That’s where the show reveals that even with its twists, it’s still following the established formula. Sasaki doesn’t have all the powers of an Otakubermensch like most isekai protagonists. However, he’s still positioned to live a power fantasy, including romantic interest from teenage girls for no apparent reason. I don’t know what this girl’s damage is, but if this guy is her romantic ideal, she needs to read some Natsume Ono manga or something. There are far better older men to be crushing on.

It seemed more horrific to me, but yeah, again, it’s all about that execution. I think being able to play with risks has to have a good pay-off. I felt the same about Villainess Level 99: I May Be the Hidden Boss but I’m Not the Demon Lord, which tries to pretend it’s a subversion, but lost me after showing its real hand. I know it’s right there in the title, but is it bad that I would wholeheartedly enjoy a straightforward otome-style fantasy series over another villainess story?

I think we’ve hit the saturation point on villainess stories, too. No story idea can survive being constantly iterated upon every single season. At this point, I’d rather watch a straight-up, no-frills show about a blank-faced girl dating a bunch of handsome guys over watching the hundredth version of this premise, especially when our villainess is also just another overpowered protagonist with maxed-out stats.

Even when girls do it, reducing all your world-building to “it’s just like my video games” isn’t exciting. It’s not even the first series to do the whole “I grinded too hard at the beginning of the game, and now I’m overpowered” trope, and I’m not sure how the rest of our cast is supposed to play into the story of checks notes Yumiellia Dolkness.



Maybe part of it is that the villainess trope is alien to me as we never got most of the games they’re supposedly based on, and very few adaptions of real otome games in general!
I don’t even know whether they were all that common before this trend began. The problem with newbie authors constantly borrowing the same ideas from one another is that more and more of the original inspiration gets lost. At some point, the idea of a game character becoming self-aware and using that knowledge to change their story had a grain of creativity. But that’s been lost like a degraded JPG over the years of Narou regurgitation. So now the thought of a regular-ass dating sim story is provocative enough that the first episode pretends to be one for half its runtime. They even made a fake opening for it and everything!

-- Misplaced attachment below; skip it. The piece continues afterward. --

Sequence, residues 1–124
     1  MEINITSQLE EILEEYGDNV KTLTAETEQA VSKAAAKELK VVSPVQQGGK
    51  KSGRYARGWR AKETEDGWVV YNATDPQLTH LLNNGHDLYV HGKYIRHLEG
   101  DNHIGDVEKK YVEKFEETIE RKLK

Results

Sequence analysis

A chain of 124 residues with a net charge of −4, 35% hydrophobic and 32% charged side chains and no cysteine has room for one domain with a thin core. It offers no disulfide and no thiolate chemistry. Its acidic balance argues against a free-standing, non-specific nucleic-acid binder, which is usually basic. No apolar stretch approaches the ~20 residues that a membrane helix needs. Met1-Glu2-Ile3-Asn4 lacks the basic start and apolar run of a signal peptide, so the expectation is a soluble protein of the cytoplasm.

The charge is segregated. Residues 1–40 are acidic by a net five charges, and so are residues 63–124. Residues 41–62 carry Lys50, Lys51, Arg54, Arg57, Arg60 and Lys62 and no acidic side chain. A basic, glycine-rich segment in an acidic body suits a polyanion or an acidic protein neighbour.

If you look closely, you can even see the pixels like it’s sprite art. A few other cute nods got me to chuckle, but I found the delivery around Yumelia’s character to be pretty flat. We don’t even get to see how she dies! Her Truck-kun moment is completely sped over. The most endearing thing about her is the fact that she has a blurred-out Shadowbringers poster in her room, and I want to know whether she stans The Crystal Exarch or Emet-Selch because that might be the closest thing I have to a high fantasy otome game with complex RPG mechanics in the real world.

Unfortunately, Yumiella herself is a black hole of charisma, and the central joke isn’t funny enough to build a whole show on anyway. Also, I can’t get over casting Fairouz Ai, an actress with a ton of range and personality to her voice, and making her do this monotone deadpan shtick.



Why would you do this? Look at your life. Look at your choices.

I feel like her being an overly serious loner has the potential for her to form genuine relationships in this timeline, given how pointed she is about avoiding the game’s cast. Still, I only say that because there are characters that haven’t been introduced yet in the opening, and it would be a waste otherwise.

Yeah, it turns out that when you spend half your first episode pretending to be a different show, you can’t also flesh out your actual lead or premise. In that regard, it’s a bit like Sasaki and Peeps. It’s a clever idea that it’s not skilled enough to pull off properly. It’s like watching an oversugared toddler try to do a backflip.
It’s enough to make you want to escape from Narou adaptations entirely. Just for some fresh air. Like, hey, it turns out villainess stories know no borders. Just like doctors. Or something. Doctor Elise.



Yes, that transition was mangled, but that’s why we have a world-class surgeon to operate on it.
I think out of all the otome-esque isekai I was forced to watch this round, I liked this one the best. I was impressed by Elise’s character and her overall dedication to her Hippocratic Oath. While we don’t know much about her previous life, I felt like we got to spend a ton of time getting to know Elise. The fact that her handwriting is completely chicken scratch is stereotypical of many doctors.

I wasn’t as wowed, but it has more potential than Lady Dolkness. Having Elise get double-isekai’d back into her own previous life is an idea rife for an exploration of regret and change, like a more dramatic spin on last season’s Tearmoon Empire. However, this opener mostly focuses on telling how Elise is the greatest doctor ever to live.